Fig 4. Contribution of changes in the levels of determinates of health (health interventions, social and environmental determinants) to reductions in MMR, 1990–2010.

Out of 432 models run, the contribution of factor level changes averaged 133%, which is rescaled to 100% here. The decomposition to the right shows how these improvements averaged a breakdown by indicator. For uncertainty ranges around each estimate in the see Figure B in S1 Appendix.

Each variable was highly correlated with other variables from the same policy area. For example, replacing measles immunization with immunization against DPT3, Polio, or BCG would result in a similar contribution. It would be inappropriate to conclude that it was specifically these particular variables, and not others, that contributed to mortality declines. Advances in broadly correlated processes that direct social function towards better well-being are the more likely the determinant of mortality decline.

We checked whether the gains in social and technical determinants of health were just proxies for improved governance and GDP growth. This is a substantial threat because U5MR and MMR estimates are reliant on models that might include GDP. Multivariate regressions of health determinant improvements against governance and growth show that economic growth and governance accounted for only 2–20% of the observed level of factor improvements, and usually less than 10% for the most impactful factors (Table 2). However, the heterogeneous nature of the study population and the fact that many of the variables used in the data represent average values over a number of years could also partly explain the observed low R2 values.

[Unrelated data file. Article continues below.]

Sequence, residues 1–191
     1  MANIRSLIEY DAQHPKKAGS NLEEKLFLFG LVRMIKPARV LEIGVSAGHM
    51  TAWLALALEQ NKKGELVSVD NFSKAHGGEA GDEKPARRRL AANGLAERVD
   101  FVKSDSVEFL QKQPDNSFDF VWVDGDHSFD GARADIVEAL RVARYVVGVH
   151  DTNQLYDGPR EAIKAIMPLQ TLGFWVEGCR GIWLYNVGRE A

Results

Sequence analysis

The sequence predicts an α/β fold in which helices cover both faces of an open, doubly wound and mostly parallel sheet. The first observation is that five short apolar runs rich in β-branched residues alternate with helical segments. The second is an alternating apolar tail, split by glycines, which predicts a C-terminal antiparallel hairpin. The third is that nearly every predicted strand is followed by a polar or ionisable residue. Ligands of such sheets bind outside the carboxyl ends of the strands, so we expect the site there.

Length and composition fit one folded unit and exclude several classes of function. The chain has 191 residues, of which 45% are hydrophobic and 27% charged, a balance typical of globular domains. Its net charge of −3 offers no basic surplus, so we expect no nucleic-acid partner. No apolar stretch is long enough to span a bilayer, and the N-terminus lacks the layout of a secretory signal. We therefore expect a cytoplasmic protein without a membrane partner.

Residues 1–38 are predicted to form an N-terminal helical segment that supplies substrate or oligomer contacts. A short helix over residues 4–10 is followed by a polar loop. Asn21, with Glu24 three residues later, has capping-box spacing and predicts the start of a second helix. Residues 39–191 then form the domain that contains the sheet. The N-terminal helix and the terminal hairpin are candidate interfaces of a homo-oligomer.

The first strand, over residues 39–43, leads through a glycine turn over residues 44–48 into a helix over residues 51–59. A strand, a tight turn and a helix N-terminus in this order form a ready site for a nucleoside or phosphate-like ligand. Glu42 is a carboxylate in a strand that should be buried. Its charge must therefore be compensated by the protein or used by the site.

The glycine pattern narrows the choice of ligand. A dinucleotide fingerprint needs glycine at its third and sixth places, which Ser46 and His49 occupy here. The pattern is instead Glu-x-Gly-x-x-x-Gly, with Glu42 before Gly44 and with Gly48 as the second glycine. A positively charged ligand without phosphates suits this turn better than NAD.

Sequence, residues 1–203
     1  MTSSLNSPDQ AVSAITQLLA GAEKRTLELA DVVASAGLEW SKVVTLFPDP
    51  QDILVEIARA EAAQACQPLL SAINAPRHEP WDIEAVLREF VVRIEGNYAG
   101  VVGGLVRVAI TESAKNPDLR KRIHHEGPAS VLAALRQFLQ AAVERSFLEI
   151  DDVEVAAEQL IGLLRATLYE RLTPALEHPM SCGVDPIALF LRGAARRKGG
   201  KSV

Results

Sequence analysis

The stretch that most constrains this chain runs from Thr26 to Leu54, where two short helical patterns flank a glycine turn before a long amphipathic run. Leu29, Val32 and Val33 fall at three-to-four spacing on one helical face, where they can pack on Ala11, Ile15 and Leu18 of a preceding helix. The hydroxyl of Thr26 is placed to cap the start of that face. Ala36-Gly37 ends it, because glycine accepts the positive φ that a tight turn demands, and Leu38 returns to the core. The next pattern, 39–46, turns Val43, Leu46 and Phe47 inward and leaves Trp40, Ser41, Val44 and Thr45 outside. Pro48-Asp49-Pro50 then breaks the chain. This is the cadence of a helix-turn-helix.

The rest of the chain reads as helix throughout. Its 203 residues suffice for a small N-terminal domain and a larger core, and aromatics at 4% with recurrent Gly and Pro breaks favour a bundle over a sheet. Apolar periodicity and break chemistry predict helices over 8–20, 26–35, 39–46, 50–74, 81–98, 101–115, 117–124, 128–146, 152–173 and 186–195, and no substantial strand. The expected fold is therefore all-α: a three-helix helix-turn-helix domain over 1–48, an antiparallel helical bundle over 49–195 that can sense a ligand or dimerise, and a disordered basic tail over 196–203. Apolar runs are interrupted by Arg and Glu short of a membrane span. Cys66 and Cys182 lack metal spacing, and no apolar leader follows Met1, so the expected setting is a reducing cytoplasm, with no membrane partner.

Table 2. Amount of improvements accounted for by just economic growth and governance.

The absolute change in each factor in the table was the dependent variable, and the independent variables were annual per capita GDP growth from 1990–2010, improvement in governance 1996–2010, starting GDP per capita in 1990, and starting government effectiveness in 1996. When data were not available for the given year, the most recent available data was substituted. The percent explained is the R2 term from unweighted OLS regression.


In the period after World War II, low and middle income countries had the luxury of facing a world of technical progress. Mortality rates could fall substantially without the need for economic growth because the impact factor of GDP on mortality was dramatically improving thanks to new discoveries in public health. Just riding on technology could save more of the people who were already covered by the modern social system without the necessity and expense of expanding the umbrella. The twenty years between 1990 and 2010 brought even more wonderful new discoveries in treatments for HIV, new vaccines, and new innovations in sanitation and health communication, but there has also been basic progress in expanding the umbrella of coverage in this period. This paper has measured the relative contributions of expanding basic factors that lead to health vs. progress in making those factors more impactful. There is a decisive answer. Improvement in the levels of health determinants explains nearly all of the progress on U5MR and MMR. For MMR the impact factors for social determinants have gotten smaller between 1990 and 2010. For U5MR, impact factor improvement accounts for only 11% of the reductions between 1990 and 2010.

No single health input dominated as the cause of mortality decline. Rather, the summation of improvements in many different policy areas is what saved lives. Economic growth and good governance, while valuable ends in themselves, were only part of a broad area of health determinants whose progress improved child health. Improvements in factors from diverse sectors as the environment, education, the health system, fertility, and women’s empowerment all contributed significantly to mortality reductions. These results point to the importance of a multi-sector approach to improving child health and thus aligns with the findings of country case studies, qualitative analysis, and literature review from the larger MDGs 4 and 5 Success Factors Study [23]. They also suggest that the eight policy areas included in our model—the same ones emphasized by successful LMICs and development partners—are those of great importance to MCH. Our findings vindicate efforts to address a multisectoral set of key health determinants as a path to reach the health MDGs.